It is no secret in baseball that starting pitchers have a shorter leash than ever before. Offense around the league has taken huge steps forward in recent years and managing games through pitching and the use of the bullpen has had to counter that. To understand the reasoning behind managers’ decisions with their pitching, we must dive into the data.
Weighted On Base Average (wOBA) is one of the most talked about statistics in baseball because of its ability to weigh how the result of the at bat contributes to run scoring. In order from heavily weighted to least heavily weighted in the formula, it goes home run, triple, double, single, hit by pitch, and unintentional walk. When looking at wOBA against pitchers based on number of times through the order, it’s obvious why they are taken out earlier in games than what fans are used to. First time through the order hitters have a .318 wOBA, second time through they have a .337 wOBA, and third time through they have a .346 wOBA. Notice how most noticeable jump is the one between the first and second time through the order. The practicality in removing a starting pitcher after their first time through the order is tough to get on board with, considering the length of a major league season and the burden that would put on the bullpen. However, the practicality of removing the starting pitcher after the second time through the order may be rather wise. The increase of .028 points in wOBA could be too much and is easily negated by a pitching change; Hitters have a .316 wOBA against relief pitchers their first time through the order. The change is essentially like pitching to Jose Reyes (.316 wOBA and -0.6 WAR) instead of pitching to Robinson Cano (.345 wOBA and 3.4 WAR).
Who Can You Trust?
When constructing a pitching staff, each team hopes to identify one or two top of the line starters in their rotation. Over the course of the season they look for these players to get as close to 200 innings as they possibly can and their efficiency typically allows them to throw 6-7 innings of shutout ball on a nightly basis. What is not addressed enough is that regardless of the track record or hefty contracts attached to a player, they are not any more immune to the difficulty of pitching to a lineup the third time through the order any more than another starter in the rotation. Sure, there are Cy Young candidates who are, for the most part, outliers to these data sets, but even guys that are pinned as a team’s ace can’t fully overcome the third time through like most managers or fans think they can. Jake Odorizzi, who was just traded to the Twins as a bolster to their rotation, owned a .384 wOBA when facing hitters for a third time or more. Gerrit Cole, who was just traded to the Astros and solidified the staff as undoubtedly the best in baseball, owned a .367 wOBA when facing hitters for a third time or more. Even 2016 Cy Young winner Rick Porcello pitched to a .348 wOBA in the same situations. Regardless of track record or contract, there is no way of escaping such a glaring fate.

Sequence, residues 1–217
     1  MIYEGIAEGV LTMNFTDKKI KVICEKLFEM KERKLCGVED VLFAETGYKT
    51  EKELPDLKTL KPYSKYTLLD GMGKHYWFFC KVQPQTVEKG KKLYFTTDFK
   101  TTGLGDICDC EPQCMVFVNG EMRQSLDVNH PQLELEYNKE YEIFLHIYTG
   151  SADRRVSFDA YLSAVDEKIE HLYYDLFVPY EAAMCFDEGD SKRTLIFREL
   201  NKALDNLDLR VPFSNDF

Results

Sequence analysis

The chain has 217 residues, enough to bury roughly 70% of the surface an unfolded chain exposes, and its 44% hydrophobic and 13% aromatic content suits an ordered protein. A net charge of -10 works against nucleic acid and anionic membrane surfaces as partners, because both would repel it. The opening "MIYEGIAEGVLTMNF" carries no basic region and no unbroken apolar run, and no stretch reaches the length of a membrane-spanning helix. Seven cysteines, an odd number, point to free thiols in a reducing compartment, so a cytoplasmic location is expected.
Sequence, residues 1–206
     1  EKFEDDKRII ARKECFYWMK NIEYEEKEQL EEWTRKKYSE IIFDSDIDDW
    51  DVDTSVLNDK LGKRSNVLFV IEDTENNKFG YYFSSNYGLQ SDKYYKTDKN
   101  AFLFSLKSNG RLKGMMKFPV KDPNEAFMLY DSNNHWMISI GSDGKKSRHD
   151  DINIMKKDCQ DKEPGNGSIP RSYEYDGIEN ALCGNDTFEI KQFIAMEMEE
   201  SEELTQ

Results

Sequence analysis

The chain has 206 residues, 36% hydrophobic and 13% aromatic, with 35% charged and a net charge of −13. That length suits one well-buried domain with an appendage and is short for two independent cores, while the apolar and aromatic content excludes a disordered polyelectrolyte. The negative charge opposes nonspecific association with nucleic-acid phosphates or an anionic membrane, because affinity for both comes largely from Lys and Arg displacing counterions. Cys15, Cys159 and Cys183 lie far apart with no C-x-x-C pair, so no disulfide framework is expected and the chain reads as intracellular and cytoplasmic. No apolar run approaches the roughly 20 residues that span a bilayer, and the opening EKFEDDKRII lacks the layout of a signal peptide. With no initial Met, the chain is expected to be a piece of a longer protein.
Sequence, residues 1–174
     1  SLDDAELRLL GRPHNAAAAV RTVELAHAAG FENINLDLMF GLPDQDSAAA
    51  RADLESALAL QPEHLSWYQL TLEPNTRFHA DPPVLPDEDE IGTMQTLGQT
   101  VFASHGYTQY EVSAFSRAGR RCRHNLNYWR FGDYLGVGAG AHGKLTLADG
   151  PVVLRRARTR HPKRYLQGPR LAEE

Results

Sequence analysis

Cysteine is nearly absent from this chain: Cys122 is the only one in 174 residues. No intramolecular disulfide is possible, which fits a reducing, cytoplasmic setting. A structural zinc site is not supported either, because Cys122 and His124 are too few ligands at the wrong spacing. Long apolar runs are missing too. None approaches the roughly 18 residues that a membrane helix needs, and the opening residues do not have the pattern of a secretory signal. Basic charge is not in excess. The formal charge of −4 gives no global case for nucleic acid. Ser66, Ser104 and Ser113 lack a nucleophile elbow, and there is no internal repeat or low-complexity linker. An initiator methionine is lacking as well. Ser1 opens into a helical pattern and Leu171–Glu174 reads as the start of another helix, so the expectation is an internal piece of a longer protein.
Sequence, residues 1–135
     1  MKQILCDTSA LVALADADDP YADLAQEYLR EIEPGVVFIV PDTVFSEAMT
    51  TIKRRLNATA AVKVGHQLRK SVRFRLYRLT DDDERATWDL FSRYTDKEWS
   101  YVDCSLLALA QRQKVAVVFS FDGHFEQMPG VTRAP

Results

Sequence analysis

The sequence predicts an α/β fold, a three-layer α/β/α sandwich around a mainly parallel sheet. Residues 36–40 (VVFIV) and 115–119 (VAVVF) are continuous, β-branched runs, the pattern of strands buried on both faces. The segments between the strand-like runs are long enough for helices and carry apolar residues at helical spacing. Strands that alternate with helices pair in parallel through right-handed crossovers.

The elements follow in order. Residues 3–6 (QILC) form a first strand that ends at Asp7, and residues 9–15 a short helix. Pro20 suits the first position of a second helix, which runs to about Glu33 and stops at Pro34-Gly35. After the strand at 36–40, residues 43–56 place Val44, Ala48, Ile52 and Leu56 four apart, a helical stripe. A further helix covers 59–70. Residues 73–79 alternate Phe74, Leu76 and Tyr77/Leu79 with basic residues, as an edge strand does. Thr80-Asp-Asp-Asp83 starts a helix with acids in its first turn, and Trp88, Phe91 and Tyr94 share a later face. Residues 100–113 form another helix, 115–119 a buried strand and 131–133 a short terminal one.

There’s no doubt that limiting starting pitchers to something close to two times through the order, or 18 batters, is a tough feat to complete over a 162 game season in terms of keeping an entire pitching staff healthy. What is evident is that keeping starters at that threshold is an important piece to keeping a team competitive in important games. It’s true that not every game is as important as another and that even the best teams lose more than 60 games annually, but when an entire season is on the line, in a postseason series, it’s difficult to trust a starting pitcher going more than two times through the order no matter their track record. After all, the average outing in the World Series was 18.9 batters faced per start compared to the 2017 League average of 23.6 batters per game.
“Fangraphs Leaderboards.” (2018) Fangraphs, Retrieved March 26, 2018.
About the Author
Rory Houston is a Junior at Saint Joseph's University double majoring in Business Intelligence and Analytics & Sports Marketing, looking to pursue a career in baseball.